USAID, responding to pressure late last year from Vice President Mike Pence, announced today that it is altering its policies in order to ensure that millions of dollars in U.S. aid appropriated by Congress reaches Iraqi religious minorities.
Pence, during an October speech at a dinner highlighting the plight of persecuted Christians, Yazidis, and other religious minorities in the Middle East and elsewhere, promised that the Trump administration would stop the State Department's "ineffective" relief efforts that directed all the funds to United Nations, which has a religious-blind policy of disbursing the funds to all refugees in Iraq.
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"The United States will work hand in hand from this day forward with faith-based groups and private organizations to help those who are persecuted for their faith," he said. "This is the moment, now is the time, and America will support these people in their hour of need."
Two months later, the U.S. Agency for International Development and the United Nations Development Programme (UNDP) agreed to increase assistance to religious and ethnic minorities in Iraq, to enable them to return to their homes in areas liberated by ISIS.
"Following Vice President Pence's remarks in October of last year, USAID renegotiated the terms of its agreement with the UNDP Funding Facility for Stabilization (FFS) so that $55 million of a $75 million payment will address the needs of vulnerable religious and ethnic minority communities in Ninewa Province [also called Nineveh], especially those who have been victims of atrocities by ISIS," USAID announced.
USAID said the modified agreement ensures that the U.S. contribution to the fund will help the populations in liberated areas in Nineveh province resume normal lives by restoring services such as water, electricity, sewage, health and education.
The $75 million is the first installment of the UNDP FFS fund. The rest of the pledge will depend on the UNDP's success in "putting in place additional accountability, transparency, and due-diligence measures," USAID said.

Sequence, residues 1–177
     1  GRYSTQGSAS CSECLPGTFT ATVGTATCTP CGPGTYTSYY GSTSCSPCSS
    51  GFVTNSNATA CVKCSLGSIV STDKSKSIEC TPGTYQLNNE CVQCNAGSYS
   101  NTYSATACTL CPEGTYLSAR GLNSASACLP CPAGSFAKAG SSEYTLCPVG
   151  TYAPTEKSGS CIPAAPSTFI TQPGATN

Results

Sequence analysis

USAID also announced that it is soliciting "innovative" ideas agency-wide to support the resettlement of ethnic and religious minorities in their ancestral homes in Iraq and that the results of that competition will be announced in early Spring.
The USAID announcement is eight months in the making and comes after lawmakers and human rights activists repeatedly argued their case to top officials at the State Department and USAID, which had resisted any change to their "religion-blind" policy of channeling most of the aid money to the United Nations.
That prior policy was "needs-based" and did not give priority to Christian and other religious minorities in Iraq, even though both the Obama and the Trump administrations have declared that both groups, as well as Shiite Muslims and others, have suffered genocide at the hand of ISIS.
ISIS's campaign of murder, kidnapping, and enslavement decimated the Christian population in Iraq, which numbered between 1.4 million in 2002 and is now below 250,000, according to human rights groups who worked to chronicle the ISIS genocide in Iraq.
Catholic charities and activists who have spent years urging the Obama administration and now Trump administration to better assist minority religious communities in Iraq applauded USAID's policy change and the United Nation's commitment to help these communities with the funds.
The Knights of Columbus, one of the largest Catholic charities, and Aid to the Church in Need, another global Catholic charity, have sent millions of dollars in donations to the Catholic archdiocese in Northern Iraq, one of the few groups on the ground working to house and feed displaced Christians and Yazidis and help rebuild their homes.